A Splintered Court

While many people have heard of a “split court,” or the court making a “split decision,” but when Supreme Court justices cannot agree, even on concurring opinions, the issue is known as a splintered court. Although, with an odd number of justices, a majority vote is achievable, if those justices voting in the majority have completely different rationales for doing so, trouble may loom on the horizon.

Many legal professionals believe that concurring opinions – especially in the case of a splintered court, where there are several concurring opinions – create confusion in interpretation of the law, and in lower court decisions. This is because the rationale and method used in arriving at the decision, provided in the written opinion, normally guides judgment in future similar cases, or in making decisions based on the same important principle.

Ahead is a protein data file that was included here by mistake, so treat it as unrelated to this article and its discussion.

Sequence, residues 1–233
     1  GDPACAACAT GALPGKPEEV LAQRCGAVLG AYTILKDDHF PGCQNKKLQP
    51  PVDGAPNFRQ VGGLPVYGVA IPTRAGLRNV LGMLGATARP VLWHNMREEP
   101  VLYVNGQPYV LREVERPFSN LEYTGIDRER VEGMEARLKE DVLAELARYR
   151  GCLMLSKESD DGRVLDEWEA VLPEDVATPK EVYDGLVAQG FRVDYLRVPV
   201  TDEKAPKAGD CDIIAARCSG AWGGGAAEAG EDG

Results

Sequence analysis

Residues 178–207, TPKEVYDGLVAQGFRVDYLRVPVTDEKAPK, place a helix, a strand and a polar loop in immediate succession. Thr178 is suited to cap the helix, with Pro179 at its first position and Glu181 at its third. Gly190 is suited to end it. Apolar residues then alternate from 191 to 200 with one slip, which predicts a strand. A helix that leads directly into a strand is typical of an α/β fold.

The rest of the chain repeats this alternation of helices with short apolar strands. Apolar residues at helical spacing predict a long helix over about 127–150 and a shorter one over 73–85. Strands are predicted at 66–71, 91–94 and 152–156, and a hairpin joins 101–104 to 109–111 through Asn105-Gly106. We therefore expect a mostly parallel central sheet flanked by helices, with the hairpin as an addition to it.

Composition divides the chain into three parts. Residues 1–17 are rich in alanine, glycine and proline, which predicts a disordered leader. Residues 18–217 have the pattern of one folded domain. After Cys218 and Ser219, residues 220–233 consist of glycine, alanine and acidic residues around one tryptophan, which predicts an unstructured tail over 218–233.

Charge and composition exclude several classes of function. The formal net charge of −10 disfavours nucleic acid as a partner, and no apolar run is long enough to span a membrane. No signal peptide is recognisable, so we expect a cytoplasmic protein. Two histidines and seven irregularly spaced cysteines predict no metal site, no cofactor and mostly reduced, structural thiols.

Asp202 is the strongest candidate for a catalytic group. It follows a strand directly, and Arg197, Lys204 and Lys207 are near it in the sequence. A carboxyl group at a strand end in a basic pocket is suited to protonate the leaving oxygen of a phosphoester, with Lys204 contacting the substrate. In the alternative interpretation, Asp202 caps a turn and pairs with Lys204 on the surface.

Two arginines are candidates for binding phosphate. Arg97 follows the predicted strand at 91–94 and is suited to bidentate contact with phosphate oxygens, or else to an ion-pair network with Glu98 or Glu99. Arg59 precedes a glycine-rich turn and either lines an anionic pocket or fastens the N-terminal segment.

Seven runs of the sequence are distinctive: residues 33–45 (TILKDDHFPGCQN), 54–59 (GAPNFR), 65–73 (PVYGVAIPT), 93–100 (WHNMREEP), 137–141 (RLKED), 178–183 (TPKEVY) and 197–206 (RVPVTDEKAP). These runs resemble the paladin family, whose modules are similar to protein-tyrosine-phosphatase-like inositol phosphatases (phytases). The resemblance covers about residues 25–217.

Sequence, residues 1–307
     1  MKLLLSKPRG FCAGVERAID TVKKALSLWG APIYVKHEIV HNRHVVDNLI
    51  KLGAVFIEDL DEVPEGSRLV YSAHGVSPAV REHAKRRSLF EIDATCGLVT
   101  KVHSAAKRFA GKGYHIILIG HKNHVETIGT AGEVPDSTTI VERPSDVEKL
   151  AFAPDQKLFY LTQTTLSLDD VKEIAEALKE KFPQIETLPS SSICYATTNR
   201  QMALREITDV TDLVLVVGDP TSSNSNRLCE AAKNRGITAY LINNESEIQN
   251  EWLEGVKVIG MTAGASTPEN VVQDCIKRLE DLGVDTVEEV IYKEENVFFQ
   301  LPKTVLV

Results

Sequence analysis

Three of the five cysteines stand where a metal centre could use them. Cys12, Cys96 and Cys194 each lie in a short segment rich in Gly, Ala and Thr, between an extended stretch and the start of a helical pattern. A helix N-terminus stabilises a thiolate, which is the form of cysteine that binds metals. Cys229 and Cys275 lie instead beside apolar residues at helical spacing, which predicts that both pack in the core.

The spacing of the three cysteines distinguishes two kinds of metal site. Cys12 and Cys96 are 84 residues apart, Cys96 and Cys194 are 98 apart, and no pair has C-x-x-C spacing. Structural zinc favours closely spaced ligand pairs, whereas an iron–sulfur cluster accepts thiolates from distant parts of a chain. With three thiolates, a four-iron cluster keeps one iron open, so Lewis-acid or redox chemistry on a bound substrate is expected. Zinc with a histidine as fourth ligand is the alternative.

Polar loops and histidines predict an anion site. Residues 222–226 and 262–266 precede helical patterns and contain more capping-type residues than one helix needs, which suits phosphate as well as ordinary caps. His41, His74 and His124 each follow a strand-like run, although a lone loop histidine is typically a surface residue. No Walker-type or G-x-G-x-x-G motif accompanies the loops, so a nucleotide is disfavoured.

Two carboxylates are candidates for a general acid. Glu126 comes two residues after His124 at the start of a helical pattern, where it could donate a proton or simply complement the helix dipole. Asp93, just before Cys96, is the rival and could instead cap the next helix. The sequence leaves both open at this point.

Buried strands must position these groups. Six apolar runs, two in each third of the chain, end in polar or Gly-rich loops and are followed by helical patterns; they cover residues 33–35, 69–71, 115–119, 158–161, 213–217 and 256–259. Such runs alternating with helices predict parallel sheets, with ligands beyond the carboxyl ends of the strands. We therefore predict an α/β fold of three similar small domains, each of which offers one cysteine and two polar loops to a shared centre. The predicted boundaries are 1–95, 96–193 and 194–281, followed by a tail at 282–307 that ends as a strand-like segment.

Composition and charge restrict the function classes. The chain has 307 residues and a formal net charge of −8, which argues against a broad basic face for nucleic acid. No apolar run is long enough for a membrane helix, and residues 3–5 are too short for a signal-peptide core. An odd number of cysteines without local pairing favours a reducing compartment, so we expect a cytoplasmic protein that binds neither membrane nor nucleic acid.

When attorneys and courts cannot identify the controlling legal principles, because each of the justices has provided different principles, justice itself may be stymied. On the other hand, splintered and plurality decisions may open the door to future clarification, or even re-thinking interpretations of the issues.

Scathing Dissenting Opinion Examples in Slavery Ruling